Writing in Our Sunday Visitor recently, Cardinal Timothy Dolan revealed that he has been examining his conscience:
Did we as a Church, here in the United States, go too far in obeying all the restrictions imposed during the COVID pandemic, resulting in a lack of pastoral care for those sick?
Give the affable prelate from New York some credit; at least he asks the question which so many other Church leaders still avoid. At least his conscience is stirring. But isn’t the answer painfully, blindingly obvious?
Yes, “we as a Church” did go too far— much too far— in slavish obedience to intrusive regulations that compounded the suffering. Yes, there was a staggering, scandalous lack of pastoral care for the sick— and for the healthy as well. Our churches were closed. Our people were denied the sacraments. What more evidence do we need, to make our Church leaders recognize that they betrayed their mission?
After congratulating himself for adhering strictly to the dictates of secular authorities, Cardinal Dolan comes back to the same question:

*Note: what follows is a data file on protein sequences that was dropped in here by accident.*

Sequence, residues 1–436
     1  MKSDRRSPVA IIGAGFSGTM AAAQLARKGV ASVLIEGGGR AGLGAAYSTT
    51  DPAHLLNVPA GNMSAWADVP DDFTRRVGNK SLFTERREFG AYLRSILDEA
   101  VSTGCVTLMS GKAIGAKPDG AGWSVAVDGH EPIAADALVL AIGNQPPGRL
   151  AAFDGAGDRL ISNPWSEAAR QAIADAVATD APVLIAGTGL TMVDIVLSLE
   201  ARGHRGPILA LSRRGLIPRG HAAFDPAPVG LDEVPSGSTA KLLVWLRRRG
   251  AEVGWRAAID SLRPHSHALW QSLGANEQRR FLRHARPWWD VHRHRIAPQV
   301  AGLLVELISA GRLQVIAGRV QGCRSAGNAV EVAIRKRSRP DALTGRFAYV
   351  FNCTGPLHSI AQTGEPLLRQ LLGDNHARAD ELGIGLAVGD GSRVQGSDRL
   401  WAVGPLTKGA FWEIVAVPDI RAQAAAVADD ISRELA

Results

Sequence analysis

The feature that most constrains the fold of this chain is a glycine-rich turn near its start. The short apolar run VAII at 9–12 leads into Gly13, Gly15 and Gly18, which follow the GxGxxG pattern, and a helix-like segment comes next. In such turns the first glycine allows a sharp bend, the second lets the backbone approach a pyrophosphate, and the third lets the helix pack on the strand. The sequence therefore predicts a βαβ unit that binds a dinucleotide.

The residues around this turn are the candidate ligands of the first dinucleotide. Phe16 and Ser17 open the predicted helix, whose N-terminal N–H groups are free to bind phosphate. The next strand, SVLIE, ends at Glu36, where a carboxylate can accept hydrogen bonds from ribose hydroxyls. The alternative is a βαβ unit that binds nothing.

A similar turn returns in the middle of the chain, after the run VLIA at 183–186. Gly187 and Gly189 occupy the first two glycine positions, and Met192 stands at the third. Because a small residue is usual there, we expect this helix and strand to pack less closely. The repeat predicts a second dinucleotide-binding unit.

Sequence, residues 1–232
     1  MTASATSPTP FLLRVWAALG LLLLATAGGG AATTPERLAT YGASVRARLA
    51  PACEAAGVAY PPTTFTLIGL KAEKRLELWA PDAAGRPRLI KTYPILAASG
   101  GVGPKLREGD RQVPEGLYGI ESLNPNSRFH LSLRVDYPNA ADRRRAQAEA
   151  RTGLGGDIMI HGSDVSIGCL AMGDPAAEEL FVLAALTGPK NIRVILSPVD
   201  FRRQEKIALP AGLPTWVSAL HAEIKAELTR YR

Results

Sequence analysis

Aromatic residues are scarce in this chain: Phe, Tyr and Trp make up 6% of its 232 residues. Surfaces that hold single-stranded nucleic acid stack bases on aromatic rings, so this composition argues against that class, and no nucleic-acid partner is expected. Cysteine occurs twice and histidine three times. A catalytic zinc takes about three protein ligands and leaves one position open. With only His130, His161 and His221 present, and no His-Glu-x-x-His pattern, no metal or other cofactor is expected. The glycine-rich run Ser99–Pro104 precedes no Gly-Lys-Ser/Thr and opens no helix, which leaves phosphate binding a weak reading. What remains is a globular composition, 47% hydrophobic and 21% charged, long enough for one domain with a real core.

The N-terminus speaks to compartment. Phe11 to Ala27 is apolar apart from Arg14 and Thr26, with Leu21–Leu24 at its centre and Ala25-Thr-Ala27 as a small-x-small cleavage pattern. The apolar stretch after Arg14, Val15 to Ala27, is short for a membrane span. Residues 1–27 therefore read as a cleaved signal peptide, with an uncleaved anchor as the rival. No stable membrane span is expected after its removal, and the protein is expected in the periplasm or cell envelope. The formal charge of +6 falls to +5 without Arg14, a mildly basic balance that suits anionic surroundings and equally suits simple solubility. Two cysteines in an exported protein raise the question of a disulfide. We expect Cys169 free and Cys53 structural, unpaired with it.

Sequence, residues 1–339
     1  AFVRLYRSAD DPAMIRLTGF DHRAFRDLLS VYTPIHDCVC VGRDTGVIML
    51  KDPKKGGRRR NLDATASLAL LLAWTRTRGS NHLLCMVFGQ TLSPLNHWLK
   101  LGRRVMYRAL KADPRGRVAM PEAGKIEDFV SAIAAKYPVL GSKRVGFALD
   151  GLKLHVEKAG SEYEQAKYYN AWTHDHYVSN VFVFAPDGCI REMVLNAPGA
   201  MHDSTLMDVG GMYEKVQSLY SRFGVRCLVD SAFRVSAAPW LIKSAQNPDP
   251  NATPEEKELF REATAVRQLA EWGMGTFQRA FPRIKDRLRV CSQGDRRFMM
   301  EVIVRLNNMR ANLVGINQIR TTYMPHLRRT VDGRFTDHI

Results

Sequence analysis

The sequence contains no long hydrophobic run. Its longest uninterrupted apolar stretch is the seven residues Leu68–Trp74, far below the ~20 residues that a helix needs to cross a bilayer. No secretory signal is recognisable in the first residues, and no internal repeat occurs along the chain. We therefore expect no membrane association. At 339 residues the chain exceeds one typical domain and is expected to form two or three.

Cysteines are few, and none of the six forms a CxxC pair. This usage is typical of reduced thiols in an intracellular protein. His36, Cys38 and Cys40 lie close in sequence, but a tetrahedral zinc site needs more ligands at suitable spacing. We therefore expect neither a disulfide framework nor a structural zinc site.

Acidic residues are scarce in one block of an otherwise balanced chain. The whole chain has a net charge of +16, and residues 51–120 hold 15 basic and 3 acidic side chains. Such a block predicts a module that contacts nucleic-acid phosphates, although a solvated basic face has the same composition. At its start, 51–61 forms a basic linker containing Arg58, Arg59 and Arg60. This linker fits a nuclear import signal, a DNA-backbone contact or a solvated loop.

However, I ask myself — were we equally obedient to the biblical commands to be near the sick, to comfort the dying, to reverently bury the dead, and, for us deacons, priests and bishops, to bring the sacraments and the Church’s prayerful accompaniment to those very sick from the virus?
And again the answer is staring us all in the face. No, the Church did not obey the Lord’s commands. At the height of the epidemic, the sacraments were unavailable— not just to the sick, but to virtually all Catholics. At precisely the time when the Church text should have been a beacon of hope, instead our pastors were contributing to a climate of pervasive fear— not only fear of the virus, but also fear of other people, who came to seen as vectors of infection rather than brothers and sisters in Christ.
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